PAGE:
Monday, December 26, 2011

Going to church is good for you: Services lower blood pressure, research finds

This is in line with other reports of longer and healthier lives among the religiously committed, Seventh Day Adventists and Mormons particularly

Going to church at Christmas may have been good for the soul, but scientists have discovered that it may also be good for the body. Researchers found that attending services lowers blood pressure – and the more often you go the lower it becomes.

Previous studies in the U.S. suggested the link, but as 40 per cent of Americans regularly go to church its health benefits were treated as a coincidence. So the Norwegian researchers, who had just four per cent of churchgoers among their 120,000 participants, were surprised to see they too had lower blood pressure.

Torgeir Sorensen, from the School of Theology and Religious Psychology Centre at Sykehuset Innlandet said: ‘We found that the more often the participants went to church the lower their blood pressure.

‘Previous research from the United States has shown that there is a possible link between people who attend church and blood pressure. ‘About 40 per cent of the U.S. population goes to church on a weekly basis, while the corresponding figure in Nord-Trondelag County, where the research was carried out, is 4 per cent. 'For that reason, we did not expect to find any correlation between going to church and blood pressure in Nord-Trondelag.

'Our findings, however, are almost identical to those previously reported from the United States, so we were really surprised.’

The early results mean that it will now be studied further to determine the extent that religious beliefs can affect general health, and if other religions have the same effect.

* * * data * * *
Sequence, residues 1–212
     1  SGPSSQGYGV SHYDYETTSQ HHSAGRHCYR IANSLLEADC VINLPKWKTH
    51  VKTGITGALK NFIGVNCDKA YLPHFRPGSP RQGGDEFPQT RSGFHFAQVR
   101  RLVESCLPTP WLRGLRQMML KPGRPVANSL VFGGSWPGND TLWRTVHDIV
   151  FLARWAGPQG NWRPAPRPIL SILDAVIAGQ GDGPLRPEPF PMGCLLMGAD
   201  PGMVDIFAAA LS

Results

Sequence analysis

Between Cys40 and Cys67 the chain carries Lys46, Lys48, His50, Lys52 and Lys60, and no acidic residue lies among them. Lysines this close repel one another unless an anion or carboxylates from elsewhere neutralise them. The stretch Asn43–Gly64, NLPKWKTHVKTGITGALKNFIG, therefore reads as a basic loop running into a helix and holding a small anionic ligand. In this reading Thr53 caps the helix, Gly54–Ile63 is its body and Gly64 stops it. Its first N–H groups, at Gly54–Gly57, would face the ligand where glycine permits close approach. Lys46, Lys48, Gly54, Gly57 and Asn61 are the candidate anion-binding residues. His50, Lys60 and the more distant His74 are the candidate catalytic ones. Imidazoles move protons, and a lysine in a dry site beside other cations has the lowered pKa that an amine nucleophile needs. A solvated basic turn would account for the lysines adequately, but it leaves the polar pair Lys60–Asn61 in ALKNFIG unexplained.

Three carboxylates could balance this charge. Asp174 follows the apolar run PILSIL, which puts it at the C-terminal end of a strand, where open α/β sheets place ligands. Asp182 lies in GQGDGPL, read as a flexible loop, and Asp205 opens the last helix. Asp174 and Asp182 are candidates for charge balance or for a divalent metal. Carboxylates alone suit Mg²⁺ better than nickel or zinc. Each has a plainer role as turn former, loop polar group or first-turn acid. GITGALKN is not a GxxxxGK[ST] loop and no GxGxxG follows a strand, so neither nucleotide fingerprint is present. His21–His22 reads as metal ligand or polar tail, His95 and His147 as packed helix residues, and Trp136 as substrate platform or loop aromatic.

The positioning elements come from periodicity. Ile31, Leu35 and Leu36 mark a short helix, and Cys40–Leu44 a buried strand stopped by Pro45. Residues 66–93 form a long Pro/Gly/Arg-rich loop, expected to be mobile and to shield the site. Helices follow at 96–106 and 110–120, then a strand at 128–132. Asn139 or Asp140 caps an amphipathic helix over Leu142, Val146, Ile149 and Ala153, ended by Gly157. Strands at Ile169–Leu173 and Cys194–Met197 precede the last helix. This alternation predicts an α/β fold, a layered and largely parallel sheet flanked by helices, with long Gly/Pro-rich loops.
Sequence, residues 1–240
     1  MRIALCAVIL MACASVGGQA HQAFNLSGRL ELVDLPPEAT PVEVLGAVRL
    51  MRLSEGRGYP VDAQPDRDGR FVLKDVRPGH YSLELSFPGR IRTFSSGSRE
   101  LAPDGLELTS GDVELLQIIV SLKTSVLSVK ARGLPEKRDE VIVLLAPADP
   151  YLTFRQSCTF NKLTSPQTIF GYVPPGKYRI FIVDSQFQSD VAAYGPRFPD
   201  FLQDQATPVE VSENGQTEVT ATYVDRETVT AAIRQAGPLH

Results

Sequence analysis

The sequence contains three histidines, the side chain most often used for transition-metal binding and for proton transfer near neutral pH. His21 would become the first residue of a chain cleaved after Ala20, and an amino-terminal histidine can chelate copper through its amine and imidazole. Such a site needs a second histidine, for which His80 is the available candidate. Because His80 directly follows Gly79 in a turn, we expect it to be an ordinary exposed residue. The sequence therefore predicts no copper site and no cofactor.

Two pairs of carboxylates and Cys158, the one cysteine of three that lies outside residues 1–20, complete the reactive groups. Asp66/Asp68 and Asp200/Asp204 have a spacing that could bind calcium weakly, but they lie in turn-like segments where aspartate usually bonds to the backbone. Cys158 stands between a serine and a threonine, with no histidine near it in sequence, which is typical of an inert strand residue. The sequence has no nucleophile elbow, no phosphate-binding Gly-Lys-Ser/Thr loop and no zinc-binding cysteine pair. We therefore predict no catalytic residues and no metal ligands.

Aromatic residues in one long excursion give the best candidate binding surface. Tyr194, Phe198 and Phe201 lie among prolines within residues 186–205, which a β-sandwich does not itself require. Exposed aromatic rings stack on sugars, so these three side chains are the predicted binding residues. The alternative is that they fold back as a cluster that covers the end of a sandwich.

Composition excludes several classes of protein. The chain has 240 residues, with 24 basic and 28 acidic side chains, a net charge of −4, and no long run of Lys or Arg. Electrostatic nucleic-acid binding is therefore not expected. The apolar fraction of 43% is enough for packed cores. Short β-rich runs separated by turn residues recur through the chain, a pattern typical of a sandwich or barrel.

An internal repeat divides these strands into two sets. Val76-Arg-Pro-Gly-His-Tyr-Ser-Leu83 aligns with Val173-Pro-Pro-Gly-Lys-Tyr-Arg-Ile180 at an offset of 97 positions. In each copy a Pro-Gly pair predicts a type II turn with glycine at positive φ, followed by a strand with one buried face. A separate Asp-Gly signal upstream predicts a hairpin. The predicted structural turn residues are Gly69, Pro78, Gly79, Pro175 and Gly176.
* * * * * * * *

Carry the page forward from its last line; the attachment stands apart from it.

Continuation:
Mr Sorensen added: 'The study of the relationship between religion and health has rarely focused on other religions, such as Judaism and Islam. 'It is therefore difficult to say anything about whether or not this same association can be found in these communities.’

Professor Jostein Holmen from the Faculty of Medicine at the Norwegian University of Science and Technology, and one of the authors of the study, said: ‘The research into lifestyle and health issues mainly comes from the United States, while information from Europe is very limited.

‘Earlier studies have shown a positive correlation between humour and good health, and participation in different cultural activities and good health. ‘It would appear that the data we have been recording about religious beliefs is actually relevant to your health. 'The fact that churchgoers have lower blood pressure encourages us to continue to study this issue. 'We’re just in the start-up phase of an exciting research area.’

However, the type of study which was carried out means that some other explanations may emerge from further research.

He said: ‘Since this is a cross-sectional study, it is not possible to say whether it was a health condition that affected the participants’ religious activity, or whether it was the religious activity that affected the state of participants’ health.

‘A cross-sectional study says something about a group of people at a given time, but can say nothing about causation. 'In order to determine what causes the effect, we need new studies that look at the same people at different times.’

The research was published in the International Journal of Psychiatry in Medicine.


Overconfident doctors visit mayhem on innocent parents

Taking your child to hospital can leave you open to being accused of causing their injuries

Parents nowadays are inundated with so much well-meaning advice from so many sources, it seems almost impertinent to proffer any more. But they do need to be aware of how to combat the hazards, when taking their children to hospital, of being accused of having caused their injuries.